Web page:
avatar Amber July 27, 2011, 7:03 pm

Not really sure about the details, I know it was through University of Florida and that’s about it. I know it was a thesis program but it seemed to me to be more like a research project versus a thesis where you collect and analyze data. But, once again I’m not completely sure of how it worked. As to the rest of your questions I don’t know either. You would definitely have to do research, and I’m not saying it will gurantee her a job. And I agree science with labs isn’t the same, I was just saying people do get degrees that way.

avatar Kate July 27, 2011, 7:20 pm

A research project leads to a thesis, which is the write up of analyzed data.

And I am sure people get those degrees, there are plenty of degree mills out there. Florida is not one of them, though. :-)

avatar beans629 July 27, 2011, 9:05 pm

>>That’s science…impossible to do online.

Not impossible at all. Welcome to the new world of technology in education. I have taken several science classes in the online environment and loved it. It’s not for everyone because it takes A LOT of discipline to read/learn the material and be prepared for the exams and labs.
I’ve taken several chemistry classes online in which all of the homework and lectures were online and I showed up twice a month to do the labs and take exams.
I’ve also taken a physics class online in which the instructor handed the class a packet of labs at the orientation meeting to be turned in at the next exam time.
And there’s a new concept hitting the market in which companies (packaged with your books, I think) are providing ‘lab kits’ for students to do the lab portions in their homes.

avatar Kate July 27, 2011, 9:14 pm

I still say it’s impossible to learn lab skills online or out of a kit. How can a person have a real chemistry lab (gen chem, orgo, physical) in a kit? Or biology?

Lectures online? Sure, I’ve taught them. Do I think it’s the same as being in class, learning with your peers? No way. I think it’s very difficult to learn the material, and you’re correct, it takes a lot of discipline.

I understand people taking a general ed class online, even a lecture portion of a science class. But an entire science MAJOR? Nope. You sure as hell wouldn’t get into graduate school or any tech job. And a school that claims you will is doing the students a disservice.

My school spent millions in trying to develop full online degrees. It failed miserably. I think online education is very valuable in SOME cases, such as continuing ed for working professionals for research updates, including science areas. But not for an undergraduate degree in science.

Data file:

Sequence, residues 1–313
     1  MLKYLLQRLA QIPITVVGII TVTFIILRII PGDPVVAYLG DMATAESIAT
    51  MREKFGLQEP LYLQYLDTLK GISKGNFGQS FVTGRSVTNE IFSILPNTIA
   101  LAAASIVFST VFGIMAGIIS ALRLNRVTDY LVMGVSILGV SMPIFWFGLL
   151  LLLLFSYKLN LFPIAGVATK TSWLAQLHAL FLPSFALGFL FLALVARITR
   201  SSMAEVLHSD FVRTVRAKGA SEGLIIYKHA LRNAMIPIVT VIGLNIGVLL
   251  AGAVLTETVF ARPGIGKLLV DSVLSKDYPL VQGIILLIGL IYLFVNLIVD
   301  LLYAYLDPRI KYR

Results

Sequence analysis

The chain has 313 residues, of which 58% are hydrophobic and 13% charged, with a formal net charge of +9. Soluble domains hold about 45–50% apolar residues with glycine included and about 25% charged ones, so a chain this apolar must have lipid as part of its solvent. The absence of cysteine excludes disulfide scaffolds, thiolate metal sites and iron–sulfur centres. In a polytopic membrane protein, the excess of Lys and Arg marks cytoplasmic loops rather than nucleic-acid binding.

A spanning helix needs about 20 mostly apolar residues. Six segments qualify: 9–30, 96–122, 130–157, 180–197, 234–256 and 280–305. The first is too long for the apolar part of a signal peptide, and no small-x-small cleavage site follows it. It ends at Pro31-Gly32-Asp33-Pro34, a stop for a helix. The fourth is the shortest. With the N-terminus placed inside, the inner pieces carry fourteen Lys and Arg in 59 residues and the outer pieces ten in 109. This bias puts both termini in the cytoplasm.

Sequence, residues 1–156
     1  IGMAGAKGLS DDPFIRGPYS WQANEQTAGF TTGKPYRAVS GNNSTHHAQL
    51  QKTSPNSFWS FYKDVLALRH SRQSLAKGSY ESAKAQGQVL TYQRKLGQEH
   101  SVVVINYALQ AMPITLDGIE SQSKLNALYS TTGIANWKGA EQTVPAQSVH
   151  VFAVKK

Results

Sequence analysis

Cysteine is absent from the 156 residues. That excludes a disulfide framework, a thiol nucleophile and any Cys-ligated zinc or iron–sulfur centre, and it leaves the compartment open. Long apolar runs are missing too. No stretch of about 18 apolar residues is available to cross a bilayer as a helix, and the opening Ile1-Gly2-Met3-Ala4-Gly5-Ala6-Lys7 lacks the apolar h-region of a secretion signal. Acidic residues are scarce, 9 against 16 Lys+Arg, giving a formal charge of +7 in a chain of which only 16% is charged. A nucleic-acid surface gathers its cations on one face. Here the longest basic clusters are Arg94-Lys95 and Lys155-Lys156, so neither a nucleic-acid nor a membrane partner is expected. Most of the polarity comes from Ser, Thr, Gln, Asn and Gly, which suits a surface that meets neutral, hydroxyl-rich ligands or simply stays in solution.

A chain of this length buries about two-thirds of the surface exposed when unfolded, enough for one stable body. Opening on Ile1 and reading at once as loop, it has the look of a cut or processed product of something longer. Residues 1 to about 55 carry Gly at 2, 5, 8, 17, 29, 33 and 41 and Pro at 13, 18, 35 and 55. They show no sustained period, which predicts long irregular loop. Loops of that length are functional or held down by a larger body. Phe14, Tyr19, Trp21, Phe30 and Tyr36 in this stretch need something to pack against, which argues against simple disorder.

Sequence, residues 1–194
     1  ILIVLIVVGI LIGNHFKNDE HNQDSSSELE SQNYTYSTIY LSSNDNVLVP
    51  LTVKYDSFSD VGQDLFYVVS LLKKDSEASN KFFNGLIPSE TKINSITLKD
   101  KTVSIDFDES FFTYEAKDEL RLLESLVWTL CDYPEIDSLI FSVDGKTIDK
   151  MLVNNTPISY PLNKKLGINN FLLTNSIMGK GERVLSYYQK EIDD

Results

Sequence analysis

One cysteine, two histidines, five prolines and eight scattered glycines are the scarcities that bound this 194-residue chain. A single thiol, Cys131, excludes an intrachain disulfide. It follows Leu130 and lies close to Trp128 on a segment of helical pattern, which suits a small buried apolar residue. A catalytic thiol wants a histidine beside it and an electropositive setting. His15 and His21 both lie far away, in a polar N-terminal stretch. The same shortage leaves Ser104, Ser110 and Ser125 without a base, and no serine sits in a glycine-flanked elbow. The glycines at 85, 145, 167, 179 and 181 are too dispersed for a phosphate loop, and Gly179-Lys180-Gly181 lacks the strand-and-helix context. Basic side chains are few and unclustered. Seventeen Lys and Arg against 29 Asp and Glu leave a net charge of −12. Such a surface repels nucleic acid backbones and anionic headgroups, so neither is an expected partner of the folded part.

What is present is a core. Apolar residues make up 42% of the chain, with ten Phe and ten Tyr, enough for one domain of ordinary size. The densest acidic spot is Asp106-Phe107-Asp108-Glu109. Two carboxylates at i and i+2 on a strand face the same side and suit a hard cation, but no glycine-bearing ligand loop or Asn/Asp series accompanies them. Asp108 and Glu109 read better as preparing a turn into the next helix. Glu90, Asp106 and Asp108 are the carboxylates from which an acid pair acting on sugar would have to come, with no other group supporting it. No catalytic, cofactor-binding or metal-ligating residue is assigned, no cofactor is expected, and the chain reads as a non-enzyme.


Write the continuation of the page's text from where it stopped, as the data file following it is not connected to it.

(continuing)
katie katie July 27, 2011, 9:25 pm

i hope that isn’t true in all sciences… im hoping to one day get a degree in food science, and i am hoping to get it online so i can keep working full time.

what are you thoughts on an online food science degree? it is from Kansas State

avatar Kate July 27, 2011, 9:31 pm

Kstate is a good school, I have 2 good friends there in Animal Science. I am not familiar with their Food Science online program at all.

If I had to guess, not all of the classes are online. It would impossible in Food Science, since you do a lot of micro and processing stuff. I think it depends on what you really want to do. I have lots of friends in the food science area, but they all did traditional degrees and they all have MS or PhDs. But they love their jobs!

It’s very difficult to work full time and complete an undergrad degree. I am just being honest.

katie katie July 27, 2011, 10:53 pm

no- i need honesty, lol. I dont know anything about online schools.. i just know that i now have finantial responsibilities, and so i wont be able to just quit everything and go back to school, you know? i only got into this food science thing about 2 years ago.. i was originally in baking and pastry, got an associates in that, and decided against getting my bachelors because i wanted to do my bachelors in food science instead (better money, better hours, less stress). ive been out of school now for like a year, and i just really really dont want to go back! haha

Skyblossom Skyblossom July 28, 2011, 10:45 am

I agree! Kids need their dads to stick around and raise them as much as they need their mom to stick around and raise them.

becboo84 BecBoo84 July 27, 2011, 4:10 pm